I am rereading Charles Dickens's Bleak House and have to pass along his unforgettable description marking the entrance of Harold Skimpole. The description brought to mind, very favorably, the Sartorialist's photograph of Alan Flusser.
As background, it is often said that Dickens based his Skimpole character upon his acquaintance Leigh Hunt. One of the Romantics, Hunt's best personal friend was Percy Bysshe Shelley, and among his acquaintances were Jeremy Bentham, Charles Lamb, William Hazlitt, Lord Byron, Keats, Dickens, and even Nathaniel Hawthorne. In short, Leigh Hunt was someone to reckon with: he cut a dashing figure with his appearance, he was a brilliant conversationalist, and he created an unmatched name for himself as a youthful pertling by editing numerous English literary journals.
Here, then, is Skimpole/Hunt seen as he enters the story of Bleak House, bearing a remarkable resemblance, I think, to the brilliant Mr. Flusser:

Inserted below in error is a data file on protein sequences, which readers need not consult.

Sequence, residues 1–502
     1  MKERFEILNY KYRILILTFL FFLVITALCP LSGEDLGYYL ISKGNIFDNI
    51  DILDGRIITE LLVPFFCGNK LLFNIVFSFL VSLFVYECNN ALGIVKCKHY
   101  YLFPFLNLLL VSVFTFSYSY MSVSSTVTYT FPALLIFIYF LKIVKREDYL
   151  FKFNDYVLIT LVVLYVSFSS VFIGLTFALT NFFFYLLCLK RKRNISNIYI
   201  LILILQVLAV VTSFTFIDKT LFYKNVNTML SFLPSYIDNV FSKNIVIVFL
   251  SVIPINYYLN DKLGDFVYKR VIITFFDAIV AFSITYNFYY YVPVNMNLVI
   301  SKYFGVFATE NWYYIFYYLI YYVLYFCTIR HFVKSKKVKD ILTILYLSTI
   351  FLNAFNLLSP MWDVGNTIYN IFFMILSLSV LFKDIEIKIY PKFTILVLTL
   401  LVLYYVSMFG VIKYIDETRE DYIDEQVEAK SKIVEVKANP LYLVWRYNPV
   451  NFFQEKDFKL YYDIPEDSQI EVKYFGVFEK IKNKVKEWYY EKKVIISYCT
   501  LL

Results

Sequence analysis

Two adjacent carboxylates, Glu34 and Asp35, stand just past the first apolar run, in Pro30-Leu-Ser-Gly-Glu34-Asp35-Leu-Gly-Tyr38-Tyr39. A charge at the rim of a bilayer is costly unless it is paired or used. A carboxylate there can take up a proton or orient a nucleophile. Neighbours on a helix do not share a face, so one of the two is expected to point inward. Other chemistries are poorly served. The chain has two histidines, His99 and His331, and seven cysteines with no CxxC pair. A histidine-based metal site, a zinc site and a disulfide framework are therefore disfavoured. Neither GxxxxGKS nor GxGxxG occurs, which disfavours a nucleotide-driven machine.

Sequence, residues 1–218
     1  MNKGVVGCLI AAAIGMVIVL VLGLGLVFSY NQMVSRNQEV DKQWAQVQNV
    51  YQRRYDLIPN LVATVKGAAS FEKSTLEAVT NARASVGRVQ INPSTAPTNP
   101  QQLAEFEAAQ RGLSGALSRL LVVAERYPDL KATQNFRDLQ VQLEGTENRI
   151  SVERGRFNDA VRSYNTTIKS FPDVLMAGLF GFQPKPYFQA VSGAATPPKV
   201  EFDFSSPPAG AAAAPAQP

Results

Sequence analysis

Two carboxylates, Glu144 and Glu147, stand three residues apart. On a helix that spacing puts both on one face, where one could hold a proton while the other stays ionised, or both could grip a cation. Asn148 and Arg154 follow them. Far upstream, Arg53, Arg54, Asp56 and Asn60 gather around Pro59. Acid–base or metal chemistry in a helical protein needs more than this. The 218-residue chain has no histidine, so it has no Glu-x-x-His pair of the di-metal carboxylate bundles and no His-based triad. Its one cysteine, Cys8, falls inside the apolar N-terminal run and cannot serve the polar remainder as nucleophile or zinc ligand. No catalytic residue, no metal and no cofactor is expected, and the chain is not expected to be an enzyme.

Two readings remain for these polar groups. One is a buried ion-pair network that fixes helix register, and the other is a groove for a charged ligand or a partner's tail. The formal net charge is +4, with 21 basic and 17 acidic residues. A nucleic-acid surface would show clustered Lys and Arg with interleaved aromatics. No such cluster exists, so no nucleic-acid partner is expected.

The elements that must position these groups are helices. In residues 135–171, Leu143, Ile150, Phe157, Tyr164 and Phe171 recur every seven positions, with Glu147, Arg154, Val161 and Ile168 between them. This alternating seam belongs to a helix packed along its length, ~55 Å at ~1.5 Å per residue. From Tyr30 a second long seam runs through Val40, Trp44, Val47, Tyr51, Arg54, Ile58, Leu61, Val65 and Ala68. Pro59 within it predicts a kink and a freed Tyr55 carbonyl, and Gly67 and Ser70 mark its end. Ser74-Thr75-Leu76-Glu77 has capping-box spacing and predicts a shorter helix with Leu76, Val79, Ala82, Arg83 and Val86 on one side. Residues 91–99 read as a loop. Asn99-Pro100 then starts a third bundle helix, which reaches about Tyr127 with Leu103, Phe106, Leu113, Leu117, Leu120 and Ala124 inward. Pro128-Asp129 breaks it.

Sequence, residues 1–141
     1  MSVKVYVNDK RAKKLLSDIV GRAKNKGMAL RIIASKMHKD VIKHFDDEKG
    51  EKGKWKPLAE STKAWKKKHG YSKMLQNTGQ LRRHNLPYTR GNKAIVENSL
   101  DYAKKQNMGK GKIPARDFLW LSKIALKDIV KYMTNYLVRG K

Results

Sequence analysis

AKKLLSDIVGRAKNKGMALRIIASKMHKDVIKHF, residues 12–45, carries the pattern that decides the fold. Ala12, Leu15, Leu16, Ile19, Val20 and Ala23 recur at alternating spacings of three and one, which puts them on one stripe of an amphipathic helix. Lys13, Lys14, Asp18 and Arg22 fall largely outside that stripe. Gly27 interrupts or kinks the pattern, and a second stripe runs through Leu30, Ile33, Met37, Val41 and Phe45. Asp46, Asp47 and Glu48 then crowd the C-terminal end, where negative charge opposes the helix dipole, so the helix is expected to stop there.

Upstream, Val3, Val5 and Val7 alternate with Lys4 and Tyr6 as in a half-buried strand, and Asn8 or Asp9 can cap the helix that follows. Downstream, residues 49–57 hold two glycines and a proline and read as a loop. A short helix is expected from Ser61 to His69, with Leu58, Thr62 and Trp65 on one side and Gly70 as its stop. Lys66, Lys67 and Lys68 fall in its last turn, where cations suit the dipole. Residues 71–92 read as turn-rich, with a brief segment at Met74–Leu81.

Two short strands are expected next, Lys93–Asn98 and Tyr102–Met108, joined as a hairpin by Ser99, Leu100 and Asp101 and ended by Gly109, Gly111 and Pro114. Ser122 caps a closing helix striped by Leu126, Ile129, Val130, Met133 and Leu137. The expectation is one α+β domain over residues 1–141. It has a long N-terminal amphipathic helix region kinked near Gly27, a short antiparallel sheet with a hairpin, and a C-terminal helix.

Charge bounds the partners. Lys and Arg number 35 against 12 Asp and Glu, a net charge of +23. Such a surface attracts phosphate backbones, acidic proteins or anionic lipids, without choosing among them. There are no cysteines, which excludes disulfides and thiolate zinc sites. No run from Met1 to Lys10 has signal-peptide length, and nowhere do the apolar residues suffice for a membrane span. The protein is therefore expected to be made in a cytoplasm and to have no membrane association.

"He was a little bright creature, with a rather large head; but a delicate face and a sweet voice, and there was a perfect charm in him. All he said was so free from effort and spontaneous and was said with such a captivating gaiety, that it was fascinating to hear him talk. . . . Indeed, he had more the appearance in all respects, of a damaged young man, than a well-preserved elderly one. There was an easy negligence in his manner, and even in his dress (his hair carelessly disposed, and his neck-kerchief loose and flowing, as I have seen artists paint their own portraits), which I could not separate from the idea of a romantic youth who had undergone some unique process of depreciation. . . . "